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Silicon Alleys: Eddie Gale, a Mainstay In San Jose's Jazz Scene, Played Outside the Box

Eddie Gale became San Jose's official Ambassador of Jazz in 1974, but friends said he stayed humble
'PUNK ROCK JAZZER': Eddie Gale became San Jose's official Ambassador of Jazz in 1974, but friends said he stayed humble. File photo

In 1974, Mayor Norm Mineta named Eddie Gale, "San Jose's Ambassador of Jazz." No one deserved that moniker more than Gale.

Gale, who died July 10 at age 78, gigged with Sun Ra, John Coltrane and Cecil Taylor, to name but a few. Originally from Brooklyn, he lived in downtown San Jose for decades, setting up shop on Sixth Street near SJSU, around the corner from Peanut's Cafe.

His wife, Georgette, worked on campus for a long time. Anyone who passed through the jazz programs at SJSU during the last 40 years either knew Gale, played in a band with him, talked shop with him or enjoyed the peacenik vibes of a legendary yet humble performer.

As a jazzman, Eddie was not a wine-and-cheese dude. He was old-school, seasoned, cosmic and gruff in all the best ways—the kind of authentic cat you didn't see around here very much, and won't ever see again.

Hearing him spin yarns and philosophize about jazz, life, creativity, ghettos, cops, the '60s and Sun Ra was like listening to a glorious free improv jam—like Socrates meets Miles meets quantum mechanics. Hanging with Gale was a zonked-out, spiritual ride that straddled numerous trajectories, yet always managed to come back around the lamppost and return to the same zip code. You either kept up or you didn't.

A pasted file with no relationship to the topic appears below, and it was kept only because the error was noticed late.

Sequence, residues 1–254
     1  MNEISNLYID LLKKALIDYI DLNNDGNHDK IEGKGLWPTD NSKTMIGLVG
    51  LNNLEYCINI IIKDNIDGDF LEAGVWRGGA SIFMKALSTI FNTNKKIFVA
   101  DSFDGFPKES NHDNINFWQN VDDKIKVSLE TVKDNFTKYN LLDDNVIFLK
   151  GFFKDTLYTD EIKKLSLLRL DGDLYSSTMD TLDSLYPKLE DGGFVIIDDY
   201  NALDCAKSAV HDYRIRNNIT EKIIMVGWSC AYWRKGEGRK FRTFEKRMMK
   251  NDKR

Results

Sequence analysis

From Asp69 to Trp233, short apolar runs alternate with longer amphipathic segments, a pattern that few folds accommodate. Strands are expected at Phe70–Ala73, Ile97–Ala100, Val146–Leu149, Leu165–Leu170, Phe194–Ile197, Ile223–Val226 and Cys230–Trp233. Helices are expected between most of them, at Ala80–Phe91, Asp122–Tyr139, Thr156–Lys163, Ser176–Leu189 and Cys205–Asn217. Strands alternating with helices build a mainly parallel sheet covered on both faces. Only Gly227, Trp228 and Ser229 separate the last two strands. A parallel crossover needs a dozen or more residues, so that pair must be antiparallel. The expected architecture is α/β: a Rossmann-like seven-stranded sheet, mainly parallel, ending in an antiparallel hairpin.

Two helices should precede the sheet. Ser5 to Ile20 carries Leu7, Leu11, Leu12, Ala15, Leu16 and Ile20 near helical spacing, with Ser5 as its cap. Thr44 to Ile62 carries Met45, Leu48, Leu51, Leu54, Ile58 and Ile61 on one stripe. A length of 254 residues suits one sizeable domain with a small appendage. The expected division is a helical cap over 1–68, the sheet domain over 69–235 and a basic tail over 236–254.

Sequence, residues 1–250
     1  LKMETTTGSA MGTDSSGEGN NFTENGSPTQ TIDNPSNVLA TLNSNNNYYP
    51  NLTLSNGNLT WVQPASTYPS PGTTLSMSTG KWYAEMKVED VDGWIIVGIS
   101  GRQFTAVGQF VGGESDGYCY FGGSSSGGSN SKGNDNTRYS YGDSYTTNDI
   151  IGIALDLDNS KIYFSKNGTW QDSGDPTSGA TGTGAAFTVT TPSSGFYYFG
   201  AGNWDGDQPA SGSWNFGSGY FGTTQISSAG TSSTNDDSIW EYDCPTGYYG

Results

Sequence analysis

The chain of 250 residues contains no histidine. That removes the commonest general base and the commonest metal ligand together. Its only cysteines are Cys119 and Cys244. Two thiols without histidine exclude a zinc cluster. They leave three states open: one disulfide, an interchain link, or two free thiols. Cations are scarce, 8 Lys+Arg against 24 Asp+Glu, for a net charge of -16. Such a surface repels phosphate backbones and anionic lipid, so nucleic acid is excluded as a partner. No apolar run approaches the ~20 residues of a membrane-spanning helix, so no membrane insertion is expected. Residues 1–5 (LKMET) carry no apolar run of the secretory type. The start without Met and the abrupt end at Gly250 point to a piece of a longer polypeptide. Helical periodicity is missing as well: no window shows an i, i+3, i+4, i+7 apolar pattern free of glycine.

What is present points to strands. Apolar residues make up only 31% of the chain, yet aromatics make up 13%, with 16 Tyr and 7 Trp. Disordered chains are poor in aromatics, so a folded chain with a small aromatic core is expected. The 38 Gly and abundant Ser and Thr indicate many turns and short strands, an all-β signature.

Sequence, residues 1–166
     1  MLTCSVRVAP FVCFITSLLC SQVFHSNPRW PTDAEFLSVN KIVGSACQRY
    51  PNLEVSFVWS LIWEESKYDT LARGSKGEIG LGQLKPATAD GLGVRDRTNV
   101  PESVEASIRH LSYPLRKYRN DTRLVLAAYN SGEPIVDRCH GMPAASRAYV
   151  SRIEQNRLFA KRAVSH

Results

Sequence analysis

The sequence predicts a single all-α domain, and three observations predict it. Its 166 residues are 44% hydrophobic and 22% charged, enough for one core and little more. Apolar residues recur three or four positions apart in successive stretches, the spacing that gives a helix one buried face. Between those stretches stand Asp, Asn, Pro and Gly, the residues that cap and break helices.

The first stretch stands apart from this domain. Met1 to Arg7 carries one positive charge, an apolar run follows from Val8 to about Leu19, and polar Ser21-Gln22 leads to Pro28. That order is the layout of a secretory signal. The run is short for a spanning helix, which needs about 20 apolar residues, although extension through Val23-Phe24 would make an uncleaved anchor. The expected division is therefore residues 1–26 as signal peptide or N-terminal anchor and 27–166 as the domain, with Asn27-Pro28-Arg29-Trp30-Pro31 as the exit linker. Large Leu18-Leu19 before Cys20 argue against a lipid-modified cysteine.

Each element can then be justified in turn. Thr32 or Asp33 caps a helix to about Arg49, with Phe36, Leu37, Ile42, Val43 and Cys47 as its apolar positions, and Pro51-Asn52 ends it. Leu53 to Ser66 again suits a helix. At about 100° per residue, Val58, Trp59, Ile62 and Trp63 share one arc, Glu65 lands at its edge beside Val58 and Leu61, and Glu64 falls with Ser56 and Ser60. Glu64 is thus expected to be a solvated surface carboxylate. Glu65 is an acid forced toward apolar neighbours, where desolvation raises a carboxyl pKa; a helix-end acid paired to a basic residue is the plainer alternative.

Longtime downtowner Dennis Kyne, a combat veteran, was right at Eddie's side for nearly 20 years, not just musically as a guitarist in Gale's various bands, but also personally. "He was like a stepdad to me," Kyne said.

Gale introduced Kyne to the free improv world in late 2001, when Gale was on a grant to teach at SJSU. He led classes on campus all day, sometimes randomly picking out students and throwing them into a band. Kyne was converted right there and then.

"I immediately was drawn to his improvisation and his free jazz and the way he spaces the place as Sun Ra taught him, because that's how I always was in those [kind of] bands," Kyne said. "I was always getting thrown out of the class when I was a kid because I wouldn't play along with 'one-ie and a two-ie and a three-ie.'"

There was an understanding between the two men, Kyne said.

"He let me be free," he said. "I didn't have to play inside the box anymore when I got with him."

Though some continue to debate whether art can really have any effect at creating true social change, Gale always believed it could. It was a huge part of what he talked about. He never stopped believing that creativity could fuel unity and solidarity and he would talk anyone into joining his bands to help the cause.

As such, in his last few decades, Gale spent much of his energy focusing on youth, music education, social justice and global change. He continued to stage concerts with his Inner Peace Orchestra, gigs he took to numerous venues all over San Jose, from churches to auditoriums, always raising money for the hungry and lifting the spirits of the traumatized and downtrodden.

"Everything he played was about making sure that his music really symbolized something and meant something," Kyne said. "He wasn't chasing the club gig anymore, and not even really chasing the festival much. He had a really, really intense purpose, which was to promote world peace and inner peace to people like me."

That doesn't mean the old jazz legend is made of money. Gale still had to go out and peddle CDs at his gigs, just like the younger folks.

"He ran a merch table, just like we did at the DIY shows," Kyne said, remembering his own youth playing in punk bands. "That's why I was so into him. I'm like, 'Man, you're running a merch table. Your wife's got the merch table and we're on stage.' It was like being a punk rock jazzer."